User-Unfriendliness of personal technologies

Historian of technology Joseph Corn has written a fine book called “User Unfriendly: Consumer Struggles with Personal Technologies, from Clocks and Sewing Machines to Cars and Computers”. Corn analyses the user unfriendliness for early adopters of a range of personal technologies, primarily clocks, sewing machines, cars and computers as these are archetypical examples of personal technologies. His main claim is that none of these technologies subjected consumers to the hell like cars and computers.

I have written a paper about the book called “Of Cars, Computers and Hell: A Historical Perspective on User Unfriendliness of Personal Technologies” for the Danish HCI Symposium 2012. See abstract below and download the 4-page paper in pdf.

Abstract
In today’s fascination by sleek and powerful computing technology it is tempting to forget the origin of the technology. Highly relevant to HCI in this regard is a recent book by historian of technology Joseph Corn “User Unfriendly: Consumer Struggles with Personal Technologies, from Clocks and Sewing Machines to Cars and Computers”. Corn analyses the user unfriendliness for early adopters of a range of personal technologies, primarily clocks, sewing machines, cars and computers as these are archetypical examples of personal technologies. His main claim is that none of these technologies subjected consumers to the hell like cars and computers. Based on a thorough analysis of contem-porary accounts by early adopters, Corn convincingly drives home his point. This paper presents and discusses Corn’s book and main line of argument. The purpose of the paper is to sensitize the HCI community to the historical perspective.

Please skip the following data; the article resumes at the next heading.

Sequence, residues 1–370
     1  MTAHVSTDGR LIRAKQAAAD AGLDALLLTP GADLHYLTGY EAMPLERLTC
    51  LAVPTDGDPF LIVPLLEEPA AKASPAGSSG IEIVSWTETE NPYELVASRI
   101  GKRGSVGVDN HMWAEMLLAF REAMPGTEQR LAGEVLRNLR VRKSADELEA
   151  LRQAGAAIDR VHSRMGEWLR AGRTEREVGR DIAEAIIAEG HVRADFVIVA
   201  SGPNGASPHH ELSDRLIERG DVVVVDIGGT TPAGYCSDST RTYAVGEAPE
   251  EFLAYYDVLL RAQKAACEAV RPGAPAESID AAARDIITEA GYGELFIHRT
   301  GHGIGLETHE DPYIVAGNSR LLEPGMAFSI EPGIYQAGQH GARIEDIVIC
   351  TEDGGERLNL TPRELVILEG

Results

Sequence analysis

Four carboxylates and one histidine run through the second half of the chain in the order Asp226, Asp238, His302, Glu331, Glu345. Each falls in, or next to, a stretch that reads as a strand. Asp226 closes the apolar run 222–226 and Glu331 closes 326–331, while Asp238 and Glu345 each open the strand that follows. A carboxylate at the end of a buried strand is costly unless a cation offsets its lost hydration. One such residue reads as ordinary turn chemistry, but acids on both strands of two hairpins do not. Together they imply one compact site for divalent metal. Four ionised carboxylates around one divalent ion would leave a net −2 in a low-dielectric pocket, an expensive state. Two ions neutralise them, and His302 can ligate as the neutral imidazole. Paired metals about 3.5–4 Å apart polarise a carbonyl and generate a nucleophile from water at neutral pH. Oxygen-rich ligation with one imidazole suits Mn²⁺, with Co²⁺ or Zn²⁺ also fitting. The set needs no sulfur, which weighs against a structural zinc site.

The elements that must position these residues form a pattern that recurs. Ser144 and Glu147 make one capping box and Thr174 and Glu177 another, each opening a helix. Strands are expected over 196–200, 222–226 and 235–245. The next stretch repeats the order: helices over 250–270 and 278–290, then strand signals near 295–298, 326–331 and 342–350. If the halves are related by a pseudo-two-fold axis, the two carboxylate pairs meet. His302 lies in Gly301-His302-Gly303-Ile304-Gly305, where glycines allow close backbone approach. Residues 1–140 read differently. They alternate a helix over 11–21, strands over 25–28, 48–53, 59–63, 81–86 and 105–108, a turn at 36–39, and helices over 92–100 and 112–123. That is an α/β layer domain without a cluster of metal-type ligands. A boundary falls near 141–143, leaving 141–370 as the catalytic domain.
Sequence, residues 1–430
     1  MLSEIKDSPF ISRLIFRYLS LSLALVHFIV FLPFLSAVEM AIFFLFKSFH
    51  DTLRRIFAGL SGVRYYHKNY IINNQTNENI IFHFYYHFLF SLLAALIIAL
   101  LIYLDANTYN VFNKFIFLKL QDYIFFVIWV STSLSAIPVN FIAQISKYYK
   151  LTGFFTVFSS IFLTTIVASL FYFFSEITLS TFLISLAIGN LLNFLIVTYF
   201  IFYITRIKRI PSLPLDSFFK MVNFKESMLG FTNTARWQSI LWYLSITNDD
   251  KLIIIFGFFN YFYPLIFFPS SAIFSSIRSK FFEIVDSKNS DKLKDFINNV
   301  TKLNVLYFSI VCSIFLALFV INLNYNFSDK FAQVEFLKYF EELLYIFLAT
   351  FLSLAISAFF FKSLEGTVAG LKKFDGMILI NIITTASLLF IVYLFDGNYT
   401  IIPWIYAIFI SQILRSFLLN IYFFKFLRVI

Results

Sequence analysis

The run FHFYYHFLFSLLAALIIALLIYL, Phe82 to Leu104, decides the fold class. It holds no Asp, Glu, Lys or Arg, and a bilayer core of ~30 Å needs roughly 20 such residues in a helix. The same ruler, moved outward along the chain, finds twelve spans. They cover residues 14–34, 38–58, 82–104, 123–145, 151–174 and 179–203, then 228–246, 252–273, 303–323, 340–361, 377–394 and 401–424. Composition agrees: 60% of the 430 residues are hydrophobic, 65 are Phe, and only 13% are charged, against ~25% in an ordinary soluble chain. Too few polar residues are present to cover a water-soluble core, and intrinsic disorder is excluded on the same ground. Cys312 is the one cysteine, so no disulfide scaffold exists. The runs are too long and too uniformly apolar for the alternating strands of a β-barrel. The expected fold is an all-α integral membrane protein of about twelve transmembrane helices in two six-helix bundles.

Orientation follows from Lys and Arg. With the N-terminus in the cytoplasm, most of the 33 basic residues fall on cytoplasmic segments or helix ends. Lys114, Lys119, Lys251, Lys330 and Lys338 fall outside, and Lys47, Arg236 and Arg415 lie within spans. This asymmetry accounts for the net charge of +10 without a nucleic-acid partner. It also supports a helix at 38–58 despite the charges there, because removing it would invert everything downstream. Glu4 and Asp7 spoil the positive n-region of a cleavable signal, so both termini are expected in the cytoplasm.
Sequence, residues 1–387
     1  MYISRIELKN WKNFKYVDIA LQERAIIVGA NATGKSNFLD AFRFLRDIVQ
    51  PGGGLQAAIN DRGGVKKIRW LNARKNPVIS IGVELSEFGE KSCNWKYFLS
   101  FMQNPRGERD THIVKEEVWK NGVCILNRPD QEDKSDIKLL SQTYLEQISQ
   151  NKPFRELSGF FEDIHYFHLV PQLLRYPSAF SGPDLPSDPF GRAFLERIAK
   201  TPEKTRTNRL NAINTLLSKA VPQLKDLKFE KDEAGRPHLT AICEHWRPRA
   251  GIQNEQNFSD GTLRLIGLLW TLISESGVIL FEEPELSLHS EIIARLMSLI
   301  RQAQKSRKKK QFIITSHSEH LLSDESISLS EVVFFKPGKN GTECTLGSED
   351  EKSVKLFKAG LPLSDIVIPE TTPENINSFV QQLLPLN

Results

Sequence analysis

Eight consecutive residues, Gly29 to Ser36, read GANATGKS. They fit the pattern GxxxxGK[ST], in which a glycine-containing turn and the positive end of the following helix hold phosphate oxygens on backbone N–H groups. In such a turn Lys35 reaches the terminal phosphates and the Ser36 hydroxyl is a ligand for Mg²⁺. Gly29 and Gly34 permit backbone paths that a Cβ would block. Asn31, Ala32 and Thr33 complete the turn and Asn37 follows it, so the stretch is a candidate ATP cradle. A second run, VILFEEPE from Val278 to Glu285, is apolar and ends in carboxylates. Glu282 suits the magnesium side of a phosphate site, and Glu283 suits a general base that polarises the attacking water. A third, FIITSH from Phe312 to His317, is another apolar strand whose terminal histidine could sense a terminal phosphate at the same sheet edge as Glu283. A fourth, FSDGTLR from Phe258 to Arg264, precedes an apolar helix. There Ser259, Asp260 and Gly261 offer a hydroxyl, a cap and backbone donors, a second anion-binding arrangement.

Advertisements

Leave a Reply

Fill in your details below or click an icon to log in:

WordPress.com Logo

You are commenting using your WordPress.com account. Log Out / Change )

Twitter picture

You are commenting using your Twitter account. Log Out / Change )

Facebook photo

You are commenting using your Facebook account. Log Out / Change )

Google+ photo

You are commenting using your Google+ account. Log Out / Change )

Connecting to %s


%d bloggers like this: